William Giles finds meaning in the mystery.
Thursday, September 9, 1999
"What the photographer does, which is weird when you think about it, is put a dark cloth over your head, get blind in one eye, squint your other eye and put it before a peephole, turn three dimensions and a 180-degree span into a two-dimensional [image], and have the audacity to say, ''This is the world''," comments Giles, who laughs at the stunning absurdity of our search for truth and understanding.
"And yet," adds Giles, "it''s like going into the darkness without fear to see marvelous illuminations, to be enchanted, thralled and awed. For better or worse, it keeps you on the path until you die."
Giles'' current exhibition of landscape photography, "Light the Flame," which kicks off with an opening reception Friday evening at the Highlands Inn, does indeed beckon the viewer to undertake a dark and mysterious journey into the heart of creation. Unlike another local landscape photographer whose images we''ve all come to revere and love, there is nothing pretty or precious in Giles'' images of the natural world.
have the impact
of a Zen koan.
His is a world of dark and terrifying forces, a universe of enduring forms trapped and defined within the cosmic ebb and flow of creation. Giles'' stunningly powerful images of vertiginous rock formations, crashing waves and other man-made and natural objects have the impact of a Zen koan-riddles within riddles that can either smack you on top of the head in bewilderment, or, for a brief instant, give you a glimpse of the meaning of eternity as it is rendered in a single moment in time.
"It''s marvelous when you can sense the interfacing of forces at work in nature," says Giles, who notes that the path to understanding is not a journey for the faint-hearted, but one where you can lose your soul or be transformed through a higher understanding of life and nature.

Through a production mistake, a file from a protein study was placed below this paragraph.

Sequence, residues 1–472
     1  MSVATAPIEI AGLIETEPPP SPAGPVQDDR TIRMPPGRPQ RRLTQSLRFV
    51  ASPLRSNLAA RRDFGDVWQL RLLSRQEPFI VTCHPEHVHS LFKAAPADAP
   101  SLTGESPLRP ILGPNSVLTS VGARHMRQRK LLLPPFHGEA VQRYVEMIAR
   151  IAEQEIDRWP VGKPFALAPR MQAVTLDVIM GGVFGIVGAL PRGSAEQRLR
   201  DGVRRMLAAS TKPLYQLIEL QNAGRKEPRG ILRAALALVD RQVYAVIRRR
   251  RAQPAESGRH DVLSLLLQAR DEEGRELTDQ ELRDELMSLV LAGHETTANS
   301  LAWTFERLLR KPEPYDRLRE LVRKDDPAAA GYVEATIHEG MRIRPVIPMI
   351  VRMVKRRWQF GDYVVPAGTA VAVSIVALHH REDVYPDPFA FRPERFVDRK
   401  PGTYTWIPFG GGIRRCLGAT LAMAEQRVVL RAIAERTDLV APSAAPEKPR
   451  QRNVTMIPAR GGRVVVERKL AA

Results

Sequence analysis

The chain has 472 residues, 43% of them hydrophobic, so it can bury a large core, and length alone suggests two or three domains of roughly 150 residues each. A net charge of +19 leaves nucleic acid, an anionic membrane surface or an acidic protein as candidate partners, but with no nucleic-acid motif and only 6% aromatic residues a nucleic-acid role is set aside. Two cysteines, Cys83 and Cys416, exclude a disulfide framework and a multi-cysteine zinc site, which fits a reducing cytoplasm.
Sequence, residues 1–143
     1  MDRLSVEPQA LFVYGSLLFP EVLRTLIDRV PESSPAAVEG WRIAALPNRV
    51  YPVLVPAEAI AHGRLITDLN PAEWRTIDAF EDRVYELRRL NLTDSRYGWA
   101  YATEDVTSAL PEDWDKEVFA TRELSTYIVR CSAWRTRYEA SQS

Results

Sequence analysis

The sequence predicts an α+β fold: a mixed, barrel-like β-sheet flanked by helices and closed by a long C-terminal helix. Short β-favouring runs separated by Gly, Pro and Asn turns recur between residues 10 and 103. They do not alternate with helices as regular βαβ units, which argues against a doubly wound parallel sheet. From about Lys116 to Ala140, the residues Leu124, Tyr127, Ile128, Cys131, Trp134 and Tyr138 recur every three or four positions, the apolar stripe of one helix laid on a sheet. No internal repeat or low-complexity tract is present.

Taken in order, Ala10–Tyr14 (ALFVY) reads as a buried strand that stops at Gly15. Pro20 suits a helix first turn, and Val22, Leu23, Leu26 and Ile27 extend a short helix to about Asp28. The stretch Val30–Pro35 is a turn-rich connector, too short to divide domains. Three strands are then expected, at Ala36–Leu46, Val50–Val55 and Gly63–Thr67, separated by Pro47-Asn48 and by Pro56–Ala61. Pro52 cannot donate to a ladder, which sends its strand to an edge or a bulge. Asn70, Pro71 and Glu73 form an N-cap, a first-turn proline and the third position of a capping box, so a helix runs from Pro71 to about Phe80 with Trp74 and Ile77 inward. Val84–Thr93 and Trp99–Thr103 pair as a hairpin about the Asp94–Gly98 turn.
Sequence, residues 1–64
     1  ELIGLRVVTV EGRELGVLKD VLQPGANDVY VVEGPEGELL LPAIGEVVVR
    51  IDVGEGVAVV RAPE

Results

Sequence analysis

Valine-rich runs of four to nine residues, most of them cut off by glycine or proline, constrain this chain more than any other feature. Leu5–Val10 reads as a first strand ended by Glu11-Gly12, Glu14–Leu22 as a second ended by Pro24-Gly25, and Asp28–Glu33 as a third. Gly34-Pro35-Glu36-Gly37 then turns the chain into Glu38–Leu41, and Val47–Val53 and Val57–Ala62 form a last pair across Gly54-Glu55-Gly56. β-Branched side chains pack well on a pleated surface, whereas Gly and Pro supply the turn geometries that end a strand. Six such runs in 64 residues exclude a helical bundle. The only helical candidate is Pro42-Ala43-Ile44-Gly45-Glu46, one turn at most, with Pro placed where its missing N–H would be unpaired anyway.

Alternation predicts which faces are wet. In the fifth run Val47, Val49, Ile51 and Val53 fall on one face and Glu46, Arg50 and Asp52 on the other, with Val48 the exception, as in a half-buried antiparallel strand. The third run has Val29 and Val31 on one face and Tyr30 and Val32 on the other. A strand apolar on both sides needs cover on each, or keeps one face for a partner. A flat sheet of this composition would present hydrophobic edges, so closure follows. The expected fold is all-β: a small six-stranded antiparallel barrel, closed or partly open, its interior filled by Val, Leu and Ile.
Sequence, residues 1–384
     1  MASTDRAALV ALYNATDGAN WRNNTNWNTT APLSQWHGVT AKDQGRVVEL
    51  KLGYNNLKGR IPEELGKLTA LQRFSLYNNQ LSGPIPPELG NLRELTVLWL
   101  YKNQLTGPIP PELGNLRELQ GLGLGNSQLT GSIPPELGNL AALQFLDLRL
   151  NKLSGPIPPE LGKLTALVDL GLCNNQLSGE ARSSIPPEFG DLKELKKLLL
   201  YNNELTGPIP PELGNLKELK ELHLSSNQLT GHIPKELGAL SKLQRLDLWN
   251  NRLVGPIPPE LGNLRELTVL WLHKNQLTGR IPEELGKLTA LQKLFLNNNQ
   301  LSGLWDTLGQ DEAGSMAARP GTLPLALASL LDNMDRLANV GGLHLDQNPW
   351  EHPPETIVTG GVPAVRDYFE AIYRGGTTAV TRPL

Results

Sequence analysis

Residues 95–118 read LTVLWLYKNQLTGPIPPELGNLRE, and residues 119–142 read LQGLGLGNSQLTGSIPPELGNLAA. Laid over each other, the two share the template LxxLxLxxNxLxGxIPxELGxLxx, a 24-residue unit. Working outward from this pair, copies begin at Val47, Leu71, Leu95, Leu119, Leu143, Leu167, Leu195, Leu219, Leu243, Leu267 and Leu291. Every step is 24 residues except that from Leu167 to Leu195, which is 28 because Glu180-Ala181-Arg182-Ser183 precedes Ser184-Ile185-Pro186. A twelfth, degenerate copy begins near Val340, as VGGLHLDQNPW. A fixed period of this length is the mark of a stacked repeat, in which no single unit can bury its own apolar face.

"To see nature as if for the first time takes an innocence of eye and a ruthlessness of vision to dare stand naked to the universe," says Giles. "To dare to stare and not be cowed or scared by it. Nature has its own message, but it is also a reflection. It requires having a heart that can open your eyes to see your mind."
As reflected in both his photography and in his comments on his life and work, Giles is a unique combination of poet, philosopher, shaman, trickster and madman, someone with a fondness for mystical pronouncements which are more often than not punctuated by heartfelt laughter and a recognition of the absurdity of mankind''s pretensions.
Giles'' images combine the metaphysics of photographer Minor White and the so-called "equivalents" of photographer Alfred Steiglitz, with a healthy dose of English Romanticism and just a bit of writer/artist William Blake''s mysticism.
"I''ve created the show so it becomes a walking meditation," says Giles. "We''re so conditioned to seeing things a certain way, we label things, and that is the end of seeing. It''s esoteric stuff, but if someone walks through the exhibition three and a half times, that person will walk out with a different way of seeing the world. A photograph should take one''s breath away. It''s a moment in time that freezes that time forever."
At age 66, Giles admits to questioning whether society-at-large remains open to his type of spiritual/artistic journey, one that fewer and fewer artists seem willing to undertake.
"This is a complicated world with money and how to integrate it all," notes Giles. "It''s tricky because we respect newness as superior to anything else. Even the lowest type of work is respected, but because something makes lot of money doesn''t make it better. All people who pushed the medium wanted to do something authentic. The trick is not to devaluate what is going on in any epoch in time."
The current Highlands exhibit marks Giles'' seventh show on the Peninsula in the past 11 years.
"This is probably my grandest," boasts Giles, who credits the Highlands with helping to keep photography a vital force on the Peninsula.
"I''ve always thought of photographs like stars in the sky, pinpoints of light. My entire life has been a pilgrimage towards light, and it takes inner reserve to follow that. I''m always growing and I''ll be photographing on my last day on this planet, seeing the world as wondrous. No other journey is as satisfying. To point the camera with the feeling of what you''re seeing, the heart opens and leads you off into the wonder of yourself.""Light The Flame" will be on display at the Highlands Inn through Dec. 3. Artist''s reception Fri., Sept. 10, 6-8pm.